Religious people believe all good things -- joy, love, compassion -- come from a deity, or a group of deities. And so, religious people believe that Atheists such as myself cannot be good without "god." They believe that Atheists cannot experience true joy, love or compassion -- or at least not as much as a religious person -- because, according to the believers, Atheists deny the source of these.
Christians, Muslims and other religious people take this reasoning further and believe Atheists don't volunteer, don't care for their fellow man, and aren't bothered by human suffering. How can they? Atheists don't believe in a a deity, or a group of deities, and all of these values for helping other people come from a belief in a magical, invisible friend -- or group of such!
Religious people keep going with this thinking and say that Atheists cannot have values, since all codes of proper human conduct come from a deity, a group of deities. Atheists have no morality, since they have no magical invisible friend -- or group of friends -- feeding them these.
And then religious people take this even further, and say that Atheists have no sense of wonder and awe. They'll claim atheists can't look up into the starry sky and say, "Wow!" Instead, we say, "I see that several thousand massive, luminous balls of plasma held together by gravity are visible tonight." If a god or group of gods didn't make all that is seen and felt, then it cannot be seen as marvelous or astonishing, according to the believers.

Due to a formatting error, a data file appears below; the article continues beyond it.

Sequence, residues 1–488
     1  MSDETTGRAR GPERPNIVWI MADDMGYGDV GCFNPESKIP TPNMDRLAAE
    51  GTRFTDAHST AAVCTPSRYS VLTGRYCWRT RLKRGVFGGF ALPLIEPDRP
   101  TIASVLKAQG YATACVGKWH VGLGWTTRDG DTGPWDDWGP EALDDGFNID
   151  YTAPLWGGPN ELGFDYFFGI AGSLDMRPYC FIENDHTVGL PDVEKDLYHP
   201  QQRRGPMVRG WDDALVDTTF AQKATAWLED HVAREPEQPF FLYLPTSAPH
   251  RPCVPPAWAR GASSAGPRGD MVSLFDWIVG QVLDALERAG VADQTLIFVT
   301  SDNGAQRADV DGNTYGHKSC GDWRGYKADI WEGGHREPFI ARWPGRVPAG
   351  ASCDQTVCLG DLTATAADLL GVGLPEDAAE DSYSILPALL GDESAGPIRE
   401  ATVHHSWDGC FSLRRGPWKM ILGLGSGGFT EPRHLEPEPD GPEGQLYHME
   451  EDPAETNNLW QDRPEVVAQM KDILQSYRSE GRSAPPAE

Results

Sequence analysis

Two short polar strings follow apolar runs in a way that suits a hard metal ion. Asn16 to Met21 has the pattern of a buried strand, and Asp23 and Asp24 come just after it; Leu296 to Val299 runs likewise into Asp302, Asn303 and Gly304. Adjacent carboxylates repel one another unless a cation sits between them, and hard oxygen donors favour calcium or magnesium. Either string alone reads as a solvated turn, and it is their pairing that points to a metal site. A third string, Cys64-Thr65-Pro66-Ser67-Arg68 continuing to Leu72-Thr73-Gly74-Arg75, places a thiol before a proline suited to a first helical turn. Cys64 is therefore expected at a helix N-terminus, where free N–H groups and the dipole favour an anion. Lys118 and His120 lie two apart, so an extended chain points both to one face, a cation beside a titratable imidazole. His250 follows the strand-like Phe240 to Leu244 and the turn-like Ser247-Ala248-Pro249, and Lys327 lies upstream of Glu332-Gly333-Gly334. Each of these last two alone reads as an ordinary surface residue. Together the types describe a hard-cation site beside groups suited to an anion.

Of course, Christians, Muslims and so many other religious people have it dead wrong about atheists regarding all of the above. True joy, love, and compassion is possible without religion -- I have certainly experienced all of these much more once I embraced my Atheism than when I was trying to believe in a magical, invisible friend.
I've dedicated a large part -- and maybe most -- of my life trying to make a positive difference in the world, trying to help others, trying to alleviate suffering and trying to help people have access to what they need to experience joyful, prosperous lives. I have morals that guide my life and my actions, and a philosophy that compels me to do certain things in order to have meaning and joy in my life. The source of my morals and philosophy is not a magical, invisible being (I'll blog in the future about where Atheist ethics come from, for those of you who don't know already).
And I most certainly look up into the starry sky and say "Wow." I don't attribute what I'm seeing to a deity or deities, but to the entirely natural forces of science -- and that, for me, has made the world no less wondrous than when I was trying to believe it was a god that did it all.
Unfortunately, we Atheists haven't written songs and chants about our reverence for rational, independent thought, the joys of intellectual exploration, the peace of studied comprehension, the rapture of scientific revelation, or the thrill of finding out there is still so much more to learn. We also don't have nearly enough pot lucks. We Atheists really need to celebrate who we are more!